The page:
Following “Lip Gloss” and “Watch It”, The Boyz conclude this chapter of their Phantasy trilogy with “Nectar”, a medium-tempo sentimental pop track.

As their first attempt at a three-part series, the title tracks in this trilogy touch on various emotions and occasions. First, “Lip Gloss” depicts what puppy love with a summer fling is like. Then, “Watch It” is daring, groovy, cold, and almost slightly aggressive. Now, “Nectar” expresses their deeper emotions before they enter the real world as young adults, as they pen a bittersweet love letter to their beautiful and dreamy youth.

The word ‘Nectar’ does not come to mind when we hear “growing pains”. But when used as a simile, “So sweet like nectar”, coupled with an exciting and lively chorus, The Boyz draws the similarity between the sweetness of youth and a flower’s nectar. Youth is sweet, addictive, and idyllic. While this may seem far-fetched, they, like a bee collecting nectar, also find themselves working hard in school and burning out, alluding to Korea’s tough education system. 

Unlike the sweet origin of the word ‘Nectar’, the MV is not particularly sweet. Or at least it does not start this way. It begins with a memorial table in a dimly lit room with a book in the centre of candles, as the end-of-day school bell rings, signifying the last school day of their lives and representing their farewell to their youth.

A paper crane appears in the next scene as “a symbol of peace, hope, and healing, often given to someone to wish them well, especially during tough times.” This then changes the context since youth is “sweet like nectar”, the end of youth is quite the opposite. It is stressful, anxiety-inducing, and overwhelming, as Sunwoo cries, two members look dejectedly at their school’s soccer field for the last time, and class president, Sangyeon, with a solemn look, gives his final speech. Coupled with a gloomy grey-blueish filter in most scenes, The Boyz struggle to accept the end of a life chapter. 

To them, they see adulthood as a big looming question mark. As young boys with big imaginations, they liken this to stepping into a dark forest, as the members wield flashlights. In between these shots are quick cuts to pages from their textbook on Albert Einstein’s Theory of Relativity. Adulthood, like the Theory of Relativity, emphasizes how large and confusing the world is. But while it is scary, it is equally intriguing, as life beyond graduation is something to explore.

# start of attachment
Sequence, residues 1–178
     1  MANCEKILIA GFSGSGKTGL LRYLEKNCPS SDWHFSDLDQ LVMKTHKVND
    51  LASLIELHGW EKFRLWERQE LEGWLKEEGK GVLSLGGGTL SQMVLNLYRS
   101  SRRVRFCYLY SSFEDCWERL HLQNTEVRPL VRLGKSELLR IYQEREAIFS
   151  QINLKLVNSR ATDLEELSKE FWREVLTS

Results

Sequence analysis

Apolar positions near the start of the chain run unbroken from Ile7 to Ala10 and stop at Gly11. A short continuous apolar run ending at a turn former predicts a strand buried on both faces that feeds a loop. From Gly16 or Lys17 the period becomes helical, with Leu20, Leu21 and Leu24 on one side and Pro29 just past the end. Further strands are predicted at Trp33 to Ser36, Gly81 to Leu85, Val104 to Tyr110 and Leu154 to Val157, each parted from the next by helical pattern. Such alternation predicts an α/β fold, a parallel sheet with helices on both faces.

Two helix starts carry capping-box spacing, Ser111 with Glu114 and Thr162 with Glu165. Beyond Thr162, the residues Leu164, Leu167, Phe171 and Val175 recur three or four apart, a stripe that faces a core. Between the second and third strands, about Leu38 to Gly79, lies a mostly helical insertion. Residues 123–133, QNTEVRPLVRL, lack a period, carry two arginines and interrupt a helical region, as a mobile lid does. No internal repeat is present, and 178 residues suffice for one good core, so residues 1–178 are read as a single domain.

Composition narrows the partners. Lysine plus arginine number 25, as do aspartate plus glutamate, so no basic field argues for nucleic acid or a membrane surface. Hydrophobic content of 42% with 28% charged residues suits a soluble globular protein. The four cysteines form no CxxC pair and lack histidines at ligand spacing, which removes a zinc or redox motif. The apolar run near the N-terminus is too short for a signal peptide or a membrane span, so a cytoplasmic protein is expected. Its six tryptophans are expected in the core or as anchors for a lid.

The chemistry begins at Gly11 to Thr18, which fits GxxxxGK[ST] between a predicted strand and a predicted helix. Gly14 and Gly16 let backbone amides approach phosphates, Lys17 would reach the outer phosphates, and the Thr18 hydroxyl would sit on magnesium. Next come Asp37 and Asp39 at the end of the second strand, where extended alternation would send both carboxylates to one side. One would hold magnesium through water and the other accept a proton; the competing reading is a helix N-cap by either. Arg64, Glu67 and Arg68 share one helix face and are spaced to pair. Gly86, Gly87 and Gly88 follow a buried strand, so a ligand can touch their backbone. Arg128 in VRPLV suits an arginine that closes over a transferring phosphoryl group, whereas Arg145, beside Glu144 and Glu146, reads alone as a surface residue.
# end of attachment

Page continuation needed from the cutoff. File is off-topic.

As imaginative as they are, this anxiety slowly wears off as they reinterpret adulthood as an adventure instead, as Q wears a rabbit mask, playing the classic white rabbit from Alice’s Adventures in Wonderland, which tells the story of adventuring, imagination, and growing up. At this point, they realise that the world of adulthood can be both frightening and exciting.

The plot takes a turn halfway through as some members take the first step towards fulfilling their childhood dreams. Jacob has a basketball, Juyeon rides a bike with a parachute attached, Sunwoo holds a soccer ball, Eric plays baseball, and Q is surrounded by (toy) animals. Little by little, they begin to lose their imagination and see things for what they are. In other words, while youth, like nectar, is addicting and sweet, they must wake up to a tiring yet promising reality to chase their dreams.

However, not all goes well despite their (initial) acceptance. The pensive shots sandwiched between happy ones show the gap between youth and adulthood, as reality sets in once their vivid imagination slowly wears off. Growing up is neither linear nor easy, and they may still feel lost and bewildered at times, just as they did when they first started. Every attempt to establish familiarity only exacerbates their sense of being lost. Trapped in solitude, they find themselves lapsing into a dreamlike state that reflects a confused and desperate self.

Thankfully, as adaptive as they are, they ultimately turn this uncertainty into acceptance and confidence about their place in society as young adults. And all they can do is look back at this bittersweet period of their life. In the beginning, Sangyeon, with a poignant smile, holds a camera. But at the end, he smiles while recording the members, revealing his acceptance, as they celebrate their graduation.

Whether a coincidence or not, as a spring release, “Nectar” fits perfectly with what this season means. Spring is a time of growth, new beginnings, and renewal, as animals are born and flowers blossom. Tying this in with the context of “Nectar”, it tells the story of The Boyz letting go of their youth and running towards an even sweeter future where they can reach their dreams as young adults. 

Ultimately, youth will only remain as a memory. It is nostalgic, with both the good and bad. No matter how life pans out, The Boyz remind us that our youth was “sweet like nectar”, and that change, while non-linear, is not always a sad thing. And as they end this trilogy with “Nectar”, The Boyz bid farewell to these bittersweet memories with a smile, while heading towards a happier and promising future, encouraging us to do the same.

(Youtube[1]. Crown Affair. Lyrics by Genius [1]. Images via IST Entertainment.)